Besides academics and athletics, plebes have a seemingly unending amount of military information to learn. One month, the topic may be the armaments of a certain tank with specifications of size, range, advantages, etc.

Military history is emphasized, with discussions and tabletop exercises to explore theories and planning options that can be critiqued and then applied during summer maneuvers.

In between academics and athletics are drill periods and parades, duties such as delivering company laundry and cleaning common areas.

Social life is not quite like other colleges, especially for plebes since this first year allows for few passes and little freedom. For them, relaxation is often just hanging out in the barracks watching a movie or working out at the gym.

Civilian vs. military life

Going back after the break, Weston admitted, will be somewhat difficult because although he’s now used to the many demands, there will be the change of cadre, new subjects and professors.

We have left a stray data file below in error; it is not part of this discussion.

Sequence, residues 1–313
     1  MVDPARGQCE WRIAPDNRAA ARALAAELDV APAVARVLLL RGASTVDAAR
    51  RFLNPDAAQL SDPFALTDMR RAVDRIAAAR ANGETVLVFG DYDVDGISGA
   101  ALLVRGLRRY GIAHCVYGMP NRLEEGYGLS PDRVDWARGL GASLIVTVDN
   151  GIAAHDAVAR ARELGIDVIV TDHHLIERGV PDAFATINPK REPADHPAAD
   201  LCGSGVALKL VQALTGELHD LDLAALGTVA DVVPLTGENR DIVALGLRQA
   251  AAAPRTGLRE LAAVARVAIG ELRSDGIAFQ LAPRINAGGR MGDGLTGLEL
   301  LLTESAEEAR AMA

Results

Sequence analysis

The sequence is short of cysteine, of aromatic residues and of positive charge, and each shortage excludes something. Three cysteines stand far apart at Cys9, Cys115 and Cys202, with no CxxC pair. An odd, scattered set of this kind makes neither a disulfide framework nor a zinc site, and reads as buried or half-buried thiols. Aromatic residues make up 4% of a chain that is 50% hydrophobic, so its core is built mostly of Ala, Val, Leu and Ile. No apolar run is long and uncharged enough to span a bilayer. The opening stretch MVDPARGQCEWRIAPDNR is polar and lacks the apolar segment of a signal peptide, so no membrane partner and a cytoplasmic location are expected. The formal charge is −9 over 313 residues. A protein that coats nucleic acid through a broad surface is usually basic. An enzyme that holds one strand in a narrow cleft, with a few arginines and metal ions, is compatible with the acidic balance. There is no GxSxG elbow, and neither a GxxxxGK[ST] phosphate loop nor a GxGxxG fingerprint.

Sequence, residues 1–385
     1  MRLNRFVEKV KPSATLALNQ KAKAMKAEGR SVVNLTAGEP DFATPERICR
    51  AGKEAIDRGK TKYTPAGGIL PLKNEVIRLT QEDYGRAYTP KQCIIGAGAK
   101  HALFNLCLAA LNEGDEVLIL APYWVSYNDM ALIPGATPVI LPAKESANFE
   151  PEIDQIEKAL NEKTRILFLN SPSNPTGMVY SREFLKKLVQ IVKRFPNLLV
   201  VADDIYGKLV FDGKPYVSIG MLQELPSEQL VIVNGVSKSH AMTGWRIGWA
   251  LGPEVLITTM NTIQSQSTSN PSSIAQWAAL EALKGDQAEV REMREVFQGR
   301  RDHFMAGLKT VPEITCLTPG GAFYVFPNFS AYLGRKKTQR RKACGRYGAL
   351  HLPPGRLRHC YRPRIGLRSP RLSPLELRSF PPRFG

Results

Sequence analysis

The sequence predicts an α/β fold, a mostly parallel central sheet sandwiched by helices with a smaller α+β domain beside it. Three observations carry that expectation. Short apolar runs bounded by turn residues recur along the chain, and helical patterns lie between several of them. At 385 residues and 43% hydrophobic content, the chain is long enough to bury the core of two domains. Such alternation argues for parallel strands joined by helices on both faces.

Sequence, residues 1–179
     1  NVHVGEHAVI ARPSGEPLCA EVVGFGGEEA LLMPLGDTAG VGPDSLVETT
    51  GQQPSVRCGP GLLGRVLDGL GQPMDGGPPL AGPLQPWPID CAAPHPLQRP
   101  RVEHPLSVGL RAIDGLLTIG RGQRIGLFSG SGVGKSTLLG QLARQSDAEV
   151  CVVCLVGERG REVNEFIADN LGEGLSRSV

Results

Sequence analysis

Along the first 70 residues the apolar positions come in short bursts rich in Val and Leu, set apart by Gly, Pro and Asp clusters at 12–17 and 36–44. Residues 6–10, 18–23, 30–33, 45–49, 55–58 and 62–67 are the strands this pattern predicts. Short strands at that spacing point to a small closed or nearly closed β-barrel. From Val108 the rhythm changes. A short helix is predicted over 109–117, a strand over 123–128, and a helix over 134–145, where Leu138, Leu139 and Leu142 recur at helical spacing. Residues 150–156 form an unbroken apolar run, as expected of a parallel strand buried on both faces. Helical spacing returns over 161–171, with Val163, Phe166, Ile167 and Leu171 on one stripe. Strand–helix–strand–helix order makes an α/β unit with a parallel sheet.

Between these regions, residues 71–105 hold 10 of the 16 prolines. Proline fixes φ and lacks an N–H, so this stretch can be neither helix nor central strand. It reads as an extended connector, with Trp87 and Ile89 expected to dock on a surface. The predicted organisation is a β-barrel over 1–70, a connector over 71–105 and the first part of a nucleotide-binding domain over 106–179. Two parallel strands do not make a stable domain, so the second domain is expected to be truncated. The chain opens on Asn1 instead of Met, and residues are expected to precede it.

Cadets sometimes think about how much easier and fun it would be to go to a civilian college, but feel that going through tough times has created special bonds and given a great sense of accomplishment.

Like any youth, they make their own fun. There was one “cow” (junior) who was making life more difficult for the plebes than expected or needed. So one day, when he was away, they moved “his room” (the entire contents) and set it up out on the paved area between the barracks. It is reported that he was cited for “his room not being adequately swept.”

How have the last six months changed him? Weston feels he is more obsessive-compulsive, but his father, Terry, says his son is “much more calm, positive, disciplined. Not a lot bothers him and he tries not ‘to make waves’.” His mother, Mary Lisa, quickly adds that now he is folding his own clothes.

Weston says he does not regret dealing with so many challenges, explaining that he had thoroughly researched West Point and knew what to expect, that it would not be easy. He credits much of his being able to cope with a good family upbringing and the leadership of his strict Norwalk St. Paul high school football coach, John Livengood.

“Most of us realize that the sacrifices will pay off,” he said. “We made this choice.”

Still, Weston can tell you exactly how many days until spring break.

Read other installments in this series:
Part I: Ohioan accepts the West Point challenge, July 29, 2008
Part II: West Point Reception Day turns civilians into cadets, Aug. 5, 2008
Part III: Acceptance Day at West Point, Sept. 25, 2008
Part V: Plebes graduate from the Long, Gray Line, May 21, 2009